Time for some positivity. Here’s how the best healthcare systems earn their reputations and set the right tone.
How Do The Best Health Care Systems Achieve Great Results?
A well-oiled health care machine that looks after sick people, without draining their wallets, can’t just kick into gear overnight.
Countries like France and the UK have created systems that rely heavily on taxpayers’ contributions. Ideally, a country should spend at least 5% or more of its GDP each year on health. Sweden currently spends 8% per year, which may explain why the people there are so well looked after. On the flip side, Myanmar spends less than 3%.
Lots of people in these countries are very protective of their state-sponsored healthcare. Like supporters who cheer on their favourite football team on the weekend. Taxing higher earners 40% or 50% of their income is how lots of countries are able to pump huge amounts of money into things like hospitals and university courses.
This social care is backed up by letting the private sector grow. If people want to pay to see a specialist surgeon or doctor, they are able to. In countries like the United Kingdom, the Labour party sometimes accuses the Conservatives of trying to “privatise” certain parts of the National Health Service.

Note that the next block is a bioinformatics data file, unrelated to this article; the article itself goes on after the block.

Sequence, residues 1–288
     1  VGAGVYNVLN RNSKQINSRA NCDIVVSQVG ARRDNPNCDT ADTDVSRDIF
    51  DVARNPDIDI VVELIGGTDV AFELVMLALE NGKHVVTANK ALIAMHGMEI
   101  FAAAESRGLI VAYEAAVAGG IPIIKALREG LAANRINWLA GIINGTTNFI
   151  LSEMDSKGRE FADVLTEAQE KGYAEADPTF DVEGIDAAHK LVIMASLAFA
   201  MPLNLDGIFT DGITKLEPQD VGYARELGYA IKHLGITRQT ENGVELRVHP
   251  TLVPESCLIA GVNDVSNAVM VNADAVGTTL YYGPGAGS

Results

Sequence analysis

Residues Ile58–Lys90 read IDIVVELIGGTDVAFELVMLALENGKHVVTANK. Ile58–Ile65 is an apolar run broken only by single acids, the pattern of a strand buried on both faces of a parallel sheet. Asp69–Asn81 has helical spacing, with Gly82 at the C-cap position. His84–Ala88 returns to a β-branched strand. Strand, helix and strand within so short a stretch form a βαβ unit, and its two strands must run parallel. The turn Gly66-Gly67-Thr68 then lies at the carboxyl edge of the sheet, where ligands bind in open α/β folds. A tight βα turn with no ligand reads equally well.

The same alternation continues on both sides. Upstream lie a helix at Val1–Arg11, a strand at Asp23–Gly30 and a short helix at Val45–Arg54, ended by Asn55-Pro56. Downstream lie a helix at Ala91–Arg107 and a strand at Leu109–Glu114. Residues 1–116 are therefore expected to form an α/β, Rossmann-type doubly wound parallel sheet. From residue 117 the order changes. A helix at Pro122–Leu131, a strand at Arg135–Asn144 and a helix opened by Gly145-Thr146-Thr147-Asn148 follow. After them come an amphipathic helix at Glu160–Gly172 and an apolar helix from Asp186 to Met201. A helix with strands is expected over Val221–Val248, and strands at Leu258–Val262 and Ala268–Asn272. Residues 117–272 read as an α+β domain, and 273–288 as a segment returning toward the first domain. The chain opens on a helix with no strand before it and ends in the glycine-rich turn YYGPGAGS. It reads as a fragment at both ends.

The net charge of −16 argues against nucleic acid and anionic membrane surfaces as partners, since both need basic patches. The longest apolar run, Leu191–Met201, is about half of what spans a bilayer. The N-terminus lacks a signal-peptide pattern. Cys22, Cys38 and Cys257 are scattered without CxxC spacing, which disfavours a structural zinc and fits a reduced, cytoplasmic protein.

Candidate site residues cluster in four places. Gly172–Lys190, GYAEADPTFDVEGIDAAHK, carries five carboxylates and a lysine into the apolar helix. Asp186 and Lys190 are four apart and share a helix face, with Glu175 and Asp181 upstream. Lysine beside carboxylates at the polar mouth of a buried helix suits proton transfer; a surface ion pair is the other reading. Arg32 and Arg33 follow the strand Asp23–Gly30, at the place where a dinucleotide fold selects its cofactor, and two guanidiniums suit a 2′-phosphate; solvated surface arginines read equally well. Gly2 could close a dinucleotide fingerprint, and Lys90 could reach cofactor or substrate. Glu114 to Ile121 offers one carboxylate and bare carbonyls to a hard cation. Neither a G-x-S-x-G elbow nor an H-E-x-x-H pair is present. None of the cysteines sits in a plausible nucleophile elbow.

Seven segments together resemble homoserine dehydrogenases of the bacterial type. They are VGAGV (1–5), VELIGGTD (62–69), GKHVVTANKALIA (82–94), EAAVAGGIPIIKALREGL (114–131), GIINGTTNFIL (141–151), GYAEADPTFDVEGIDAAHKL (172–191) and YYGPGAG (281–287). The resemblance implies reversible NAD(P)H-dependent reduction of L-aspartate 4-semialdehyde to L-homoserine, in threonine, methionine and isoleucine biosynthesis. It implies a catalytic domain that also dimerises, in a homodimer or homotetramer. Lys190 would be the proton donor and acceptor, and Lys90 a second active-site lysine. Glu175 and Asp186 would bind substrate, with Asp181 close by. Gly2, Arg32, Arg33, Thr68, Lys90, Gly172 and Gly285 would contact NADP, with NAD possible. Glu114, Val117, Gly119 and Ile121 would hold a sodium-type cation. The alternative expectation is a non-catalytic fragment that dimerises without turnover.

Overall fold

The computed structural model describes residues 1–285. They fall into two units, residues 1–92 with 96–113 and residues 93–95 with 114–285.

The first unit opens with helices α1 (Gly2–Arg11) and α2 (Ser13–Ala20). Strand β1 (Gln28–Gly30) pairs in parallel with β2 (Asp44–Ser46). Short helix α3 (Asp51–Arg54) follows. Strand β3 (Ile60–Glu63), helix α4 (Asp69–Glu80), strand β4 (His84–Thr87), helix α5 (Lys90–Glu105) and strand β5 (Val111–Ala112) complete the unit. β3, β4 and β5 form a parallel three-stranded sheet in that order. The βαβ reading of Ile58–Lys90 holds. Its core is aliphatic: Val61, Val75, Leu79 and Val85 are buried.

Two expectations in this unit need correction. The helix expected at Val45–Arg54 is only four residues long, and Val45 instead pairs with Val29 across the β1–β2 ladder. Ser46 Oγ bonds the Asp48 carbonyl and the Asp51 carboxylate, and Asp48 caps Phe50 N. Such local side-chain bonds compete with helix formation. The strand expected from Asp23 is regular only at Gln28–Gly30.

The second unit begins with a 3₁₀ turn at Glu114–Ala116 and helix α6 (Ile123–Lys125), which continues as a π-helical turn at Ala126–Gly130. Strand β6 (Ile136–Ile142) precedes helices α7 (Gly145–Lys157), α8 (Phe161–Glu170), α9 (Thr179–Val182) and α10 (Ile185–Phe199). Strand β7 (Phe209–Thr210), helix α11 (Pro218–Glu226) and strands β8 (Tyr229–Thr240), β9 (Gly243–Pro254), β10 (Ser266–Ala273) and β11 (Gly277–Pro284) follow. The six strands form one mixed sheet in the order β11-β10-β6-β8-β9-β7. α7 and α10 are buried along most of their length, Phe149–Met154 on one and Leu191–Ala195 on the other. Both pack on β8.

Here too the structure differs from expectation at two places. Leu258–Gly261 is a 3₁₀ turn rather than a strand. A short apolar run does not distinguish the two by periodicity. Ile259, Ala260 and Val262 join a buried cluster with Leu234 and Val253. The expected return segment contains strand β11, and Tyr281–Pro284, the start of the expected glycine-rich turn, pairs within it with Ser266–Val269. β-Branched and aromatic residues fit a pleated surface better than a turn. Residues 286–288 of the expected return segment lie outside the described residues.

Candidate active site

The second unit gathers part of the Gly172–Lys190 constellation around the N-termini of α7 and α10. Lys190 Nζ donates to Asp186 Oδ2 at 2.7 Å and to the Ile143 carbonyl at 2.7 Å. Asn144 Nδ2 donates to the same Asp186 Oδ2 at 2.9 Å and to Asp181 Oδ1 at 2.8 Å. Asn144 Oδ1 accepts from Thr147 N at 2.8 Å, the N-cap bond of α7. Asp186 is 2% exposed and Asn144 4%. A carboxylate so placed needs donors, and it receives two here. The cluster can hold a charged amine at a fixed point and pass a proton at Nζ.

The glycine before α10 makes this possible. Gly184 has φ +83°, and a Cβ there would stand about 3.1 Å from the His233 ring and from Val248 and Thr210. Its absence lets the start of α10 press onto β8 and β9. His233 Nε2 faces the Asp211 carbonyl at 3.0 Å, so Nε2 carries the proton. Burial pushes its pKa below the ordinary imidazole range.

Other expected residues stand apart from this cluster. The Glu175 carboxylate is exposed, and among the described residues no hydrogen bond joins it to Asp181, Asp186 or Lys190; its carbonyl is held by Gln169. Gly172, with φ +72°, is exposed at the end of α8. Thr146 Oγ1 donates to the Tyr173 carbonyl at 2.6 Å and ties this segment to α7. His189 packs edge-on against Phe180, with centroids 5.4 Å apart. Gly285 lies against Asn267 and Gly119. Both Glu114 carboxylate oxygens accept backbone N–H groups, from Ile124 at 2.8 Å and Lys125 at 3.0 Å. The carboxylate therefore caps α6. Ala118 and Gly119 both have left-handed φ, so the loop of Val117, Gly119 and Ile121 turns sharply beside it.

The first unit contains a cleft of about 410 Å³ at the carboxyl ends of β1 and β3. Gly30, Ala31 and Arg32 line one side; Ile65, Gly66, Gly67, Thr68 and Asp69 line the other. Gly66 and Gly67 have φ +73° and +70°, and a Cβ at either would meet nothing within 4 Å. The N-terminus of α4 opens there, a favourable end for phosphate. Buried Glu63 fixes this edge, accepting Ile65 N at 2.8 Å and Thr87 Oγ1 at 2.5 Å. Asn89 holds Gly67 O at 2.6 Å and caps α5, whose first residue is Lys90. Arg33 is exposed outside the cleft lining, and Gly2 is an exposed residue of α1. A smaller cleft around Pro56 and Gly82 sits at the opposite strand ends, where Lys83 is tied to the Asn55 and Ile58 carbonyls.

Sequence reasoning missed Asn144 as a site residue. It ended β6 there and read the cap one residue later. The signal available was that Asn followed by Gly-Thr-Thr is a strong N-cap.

Politicians should perhaps forget about their party loyalty when it comes to healthcare. After all, shouldn’t politicians stick to being loyal to the people who are looking to them for help?
In Australia, more aboriginal people are training to be doctors and nurses. Bursaries are a great way to allow students from poorer backgrounds to take up medicine. Amazing stuff, isn’t it? This practice is allowing aboriginals to help their own communities. Stats show that aboriginals experience a higher rate of mental illness and alcohol or drug addiction than white Australians as a whole. Giving something back to your wider community seems more important than ever, Indigenous doctors are doing just that.
Other countries like Singapore have world-class universities that take bright young Singaporeans and turn them into some of the best doctors, nurses, and surgeons on the planet.
Earlier I talked about dangerous or untested drugs being given to patients in countries where the health system is struggling. In the best healthcare systems, drugs go through testing before they are released onto the market. Have you ever offered to be a “Guinea pig” for a drugs trial?
Ageing Populations And Superbugs
But even the best healthcare systems are not indestructible. Some participants who have access to the most streamlined care in the world may still be forced to wait or be denied for care if they have preexisting conditions. Or, if the system is overflowing, it can also take weeks or months to see a doctor for standard care.
There are lots of different challenges to face. People are living longer and longer lives. For example, the number of British people has quadrupled over the past 30 years. Looking after people as they get older could be a job entirely for robots as the 21st century goes on. New viruses keep developing, like MRSA and drug-resistant strains of malaria. Epidemics could cause serious problems.